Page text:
Safety Starts With You

As we grow in our passion for aviation, pilots always need to keep their skillsets sharp. The FAA requires a minimum of time in the classroom and time in the air.  For a flight review, the Code of Federal Regulations (14CFR) 61.56 states:

Sec. 61.56 — Flight review:

(a) Except as provided in paragraphs (b) and (f) of this section, a flight review consists of a minimum of 1 hour of flight training and 1 hour of ground training. 

The code continues to talk about what must be included.  For the most part it is left up to a Certificated Flight Instructor to decide what will be covered in a flight review.  As far as logbook endorsements, it is not required to say exactly what you did to satisfy this regulation, all that is needed is to state that the pilot satisfactorily completed the flight review.  This is required every other year.

In addition to the Flight Review, the FAA requires that a set number of takeoffs and landings within a certain time period.

Sec. 61.57  Recent flight experience: Pilot in command.

(a) General experience. 

(1) Except as provided in paragraph (e) of this section, no person may act as a pilot in command of an aircraft carrying passengers or of an aircraft certificated for more than one pilot flight crewmember unless that person has made at least three takeoffs and three landings within the preceding 90 days.

All of this is done to keep a pilot proficient.  These requirements are the bare minimums.  So why focus on these two regulations?  Out of all the pilot groups, the FAA has statistically shown that the General Aviation pilot group has a higher accident rate than the commercial airline pilots.  

Keeping skillsets sharp in a classroom or in the actual aircraft is a must in aviation.  There are many ways to keep skillsets sharp.  We can listen to a seasoned pilot talk about experiences that they had and learn from those. We can hire a flight instructor to provide one-on-one training. We can use the Internet to refresh our skill sets.  The 
FAA Safety Team (FAAST)  website  allows you to  sign up for a few free courses.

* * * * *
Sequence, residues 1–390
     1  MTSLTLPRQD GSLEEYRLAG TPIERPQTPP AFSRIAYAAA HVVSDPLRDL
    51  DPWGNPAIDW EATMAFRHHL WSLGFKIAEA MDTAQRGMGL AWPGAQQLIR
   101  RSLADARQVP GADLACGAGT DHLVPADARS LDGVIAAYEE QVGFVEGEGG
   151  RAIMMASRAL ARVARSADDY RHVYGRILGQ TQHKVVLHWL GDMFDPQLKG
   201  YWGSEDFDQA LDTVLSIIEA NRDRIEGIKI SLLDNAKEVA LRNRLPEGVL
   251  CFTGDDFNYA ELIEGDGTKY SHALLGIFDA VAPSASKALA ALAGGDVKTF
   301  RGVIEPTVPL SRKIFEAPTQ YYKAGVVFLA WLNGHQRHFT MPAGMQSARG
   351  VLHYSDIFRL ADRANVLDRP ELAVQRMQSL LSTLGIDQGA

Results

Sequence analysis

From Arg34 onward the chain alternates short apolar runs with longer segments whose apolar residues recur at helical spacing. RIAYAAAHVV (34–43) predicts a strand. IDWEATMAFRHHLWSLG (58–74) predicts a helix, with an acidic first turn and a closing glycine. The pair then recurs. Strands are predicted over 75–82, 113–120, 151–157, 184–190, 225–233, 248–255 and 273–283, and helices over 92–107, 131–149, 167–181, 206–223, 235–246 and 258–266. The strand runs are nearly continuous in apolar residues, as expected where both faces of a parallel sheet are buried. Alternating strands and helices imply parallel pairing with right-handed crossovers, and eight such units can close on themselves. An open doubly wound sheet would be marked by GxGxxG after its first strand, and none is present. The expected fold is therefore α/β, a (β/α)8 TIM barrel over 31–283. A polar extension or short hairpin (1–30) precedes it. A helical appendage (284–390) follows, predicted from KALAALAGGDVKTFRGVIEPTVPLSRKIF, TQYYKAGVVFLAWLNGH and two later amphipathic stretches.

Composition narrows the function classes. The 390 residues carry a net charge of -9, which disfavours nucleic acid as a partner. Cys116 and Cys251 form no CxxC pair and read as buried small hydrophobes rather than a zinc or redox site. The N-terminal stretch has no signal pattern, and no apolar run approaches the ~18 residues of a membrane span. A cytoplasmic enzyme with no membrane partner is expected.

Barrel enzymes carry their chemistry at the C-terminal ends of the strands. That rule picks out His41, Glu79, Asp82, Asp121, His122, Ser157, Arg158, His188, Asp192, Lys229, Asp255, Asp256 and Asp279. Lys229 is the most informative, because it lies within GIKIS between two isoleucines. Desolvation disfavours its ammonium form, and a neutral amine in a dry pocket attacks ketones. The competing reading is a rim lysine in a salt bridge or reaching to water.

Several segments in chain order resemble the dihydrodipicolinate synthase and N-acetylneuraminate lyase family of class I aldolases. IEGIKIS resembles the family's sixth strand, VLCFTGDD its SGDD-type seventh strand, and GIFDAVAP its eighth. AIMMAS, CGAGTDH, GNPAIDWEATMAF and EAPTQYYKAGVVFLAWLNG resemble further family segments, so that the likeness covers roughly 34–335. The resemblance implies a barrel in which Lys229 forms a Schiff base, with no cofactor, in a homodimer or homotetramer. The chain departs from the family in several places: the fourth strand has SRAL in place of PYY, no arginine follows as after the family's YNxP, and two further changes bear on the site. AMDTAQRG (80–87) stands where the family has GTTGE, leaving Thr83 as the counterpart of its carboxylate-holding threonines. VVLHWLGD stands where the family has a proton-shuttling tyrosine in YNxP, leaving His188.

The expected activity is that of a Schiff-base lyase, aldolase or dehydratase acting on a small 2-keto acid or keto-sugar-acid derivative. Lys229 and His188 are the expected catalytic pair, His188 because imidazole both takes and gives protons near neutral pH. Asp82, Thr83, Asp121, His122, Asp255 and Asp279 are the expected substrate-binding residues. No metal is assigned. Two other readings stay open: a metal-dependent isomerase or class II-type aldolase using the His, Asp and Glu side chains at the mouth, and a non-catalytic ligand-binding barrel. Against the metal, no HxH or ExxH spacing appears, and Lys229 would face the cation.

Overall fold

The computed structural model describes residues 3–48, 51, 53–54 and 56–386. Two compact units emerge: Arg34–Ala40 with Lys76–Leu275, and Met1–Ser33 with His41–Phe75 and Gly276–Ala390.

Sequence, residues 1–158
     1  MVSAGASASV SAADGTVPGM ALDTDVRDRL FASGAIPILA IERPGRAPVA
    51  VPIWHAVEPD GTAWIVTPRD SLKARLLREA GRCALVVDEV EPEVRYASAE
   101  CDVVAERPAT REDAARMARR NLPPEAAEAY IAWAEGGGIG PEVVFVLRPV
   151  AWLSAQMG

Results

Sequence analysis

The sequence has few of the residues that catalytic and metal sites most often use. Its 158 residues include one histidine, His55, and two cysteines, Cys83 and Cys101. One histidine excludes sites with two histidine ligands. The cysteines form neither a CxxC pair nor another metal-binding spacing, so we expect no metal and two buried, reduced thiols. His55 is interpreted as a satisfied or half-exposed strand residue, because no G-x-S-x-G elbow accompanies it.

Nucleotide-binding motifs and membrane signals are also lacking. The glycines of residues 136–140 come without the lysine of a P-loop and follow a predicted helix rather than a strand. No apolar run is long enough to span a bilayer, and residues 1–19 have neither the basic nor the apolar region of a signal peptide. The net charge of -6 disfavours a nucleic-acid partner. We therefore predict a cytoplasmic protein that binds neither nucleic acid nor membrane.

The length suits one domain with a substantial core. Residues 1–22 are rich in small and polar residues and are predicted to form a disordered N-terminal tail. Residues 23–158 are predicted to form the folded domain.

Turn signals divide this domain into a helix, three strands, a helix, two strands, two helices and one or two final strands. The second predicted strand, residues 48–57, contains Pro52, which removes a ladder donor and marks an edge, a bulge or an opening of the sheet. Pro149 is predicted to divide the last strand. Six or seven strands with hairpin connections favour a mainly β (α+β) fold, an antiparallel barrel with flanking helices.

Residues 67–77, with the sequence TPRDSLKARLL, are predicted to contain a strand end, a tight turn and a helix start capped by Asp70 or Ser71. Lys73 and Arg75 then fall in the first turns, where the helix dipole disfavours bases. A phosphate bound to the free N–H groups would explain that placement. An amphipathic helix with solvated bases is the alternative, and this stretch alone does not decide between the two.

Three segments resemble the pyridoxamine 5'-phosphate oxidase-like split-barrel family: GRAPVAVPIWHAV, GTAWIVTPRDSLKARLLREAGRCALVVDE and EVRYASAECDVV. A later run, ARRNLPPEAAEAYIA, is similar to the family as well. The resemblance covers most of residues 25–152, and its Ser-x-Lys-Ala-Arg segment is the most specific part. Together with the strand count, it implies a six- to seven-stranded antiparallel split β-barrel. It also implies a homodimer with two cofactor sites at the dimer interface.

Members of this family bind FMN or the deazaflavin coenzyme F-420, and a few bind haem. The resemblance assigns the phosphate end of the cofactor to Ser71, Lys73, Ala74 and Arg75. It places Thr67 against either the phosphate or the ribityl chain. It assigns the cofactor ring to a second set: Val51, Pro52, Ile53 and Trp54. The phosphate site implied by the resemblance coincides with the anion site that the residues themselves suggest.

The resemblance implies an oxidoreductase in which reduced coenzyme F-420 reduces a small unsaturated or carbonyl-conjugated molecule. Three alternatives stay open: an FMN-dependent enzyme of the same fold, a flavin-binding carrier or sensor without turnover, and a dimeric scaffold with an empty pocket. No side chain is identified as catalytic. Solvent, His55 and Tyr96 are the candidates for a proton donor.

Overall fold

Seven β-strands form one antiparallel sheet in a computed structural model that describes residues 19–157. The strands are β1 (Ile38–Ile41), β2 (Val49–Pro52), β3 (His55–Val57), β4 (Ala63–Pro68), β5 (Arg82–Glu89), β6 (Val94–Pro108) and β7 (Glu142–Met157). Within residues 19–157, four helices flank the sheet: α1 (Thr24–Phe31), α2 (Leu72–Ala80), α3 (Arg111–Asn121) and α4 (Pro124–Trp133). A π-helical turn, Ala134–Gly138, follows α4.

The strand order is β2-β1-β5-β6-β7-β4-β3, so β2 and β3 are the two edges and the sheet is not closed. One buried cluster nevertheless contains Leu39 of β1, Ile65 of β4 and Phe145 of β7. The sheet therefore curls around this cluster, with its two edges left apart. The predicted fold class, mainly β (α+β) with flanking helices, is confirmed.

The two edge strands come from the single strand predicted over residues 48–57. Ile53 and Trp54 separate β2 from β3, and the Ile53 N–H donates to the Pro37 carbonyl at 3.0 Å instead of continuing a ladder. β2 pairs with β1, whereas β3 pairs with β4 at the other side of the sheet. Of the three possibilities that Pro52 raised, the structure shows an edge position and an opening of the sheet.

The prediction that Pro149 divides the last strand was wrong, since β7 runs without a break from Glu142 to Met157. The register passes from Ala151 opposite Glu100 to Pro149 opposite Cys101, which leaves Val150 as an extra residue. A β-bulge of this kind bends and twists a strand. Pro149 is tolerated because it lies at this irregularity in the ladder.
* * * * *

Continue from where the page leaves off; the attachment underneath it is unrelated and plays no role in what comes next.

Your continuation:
On the FAAST website you will learn from subject matter experts on topics for the type of flying you are doing.  Not only will you learn something new, these courses will provide you credit towards the “Wings” program.

Jeppesen offers training for many avionics systems to help familiarize yourself and to stay current on your avionics.  Jeppesen also offers online training for all ratings from Sport to Private Pilot to Commercial. These courses not provide great content for initial training, but can serve as excellent content for refresher training as well. Courses like these will give you more familiarization on core topics and help equip you with the knowledge needed to make more educated decisions as you pursue your passion for aviation and flying.


Keeping our skillsets sharp is important, as well as flying within personal safety margins.

About the Author: Tom is a Functional Analyst at Jeppesen and is a native of Colorado, born in Durango. He learned to fly while in college at Metropolitan State University of Denver, where he received a BS Degree in Aviation.  Tom holds a Commercial Certificate ASMEL, I-A. In addition, he also holds a CFI-ASE, an Advanced Ground Instructor and FAA 121 Dispatch certificates Tom is currently the Director of Safety for Jeppesen Employees Flying Association (JEFA),  as well as a FAAST team Representative. Tom's passion is promoting aviation to the next generation of pilots.

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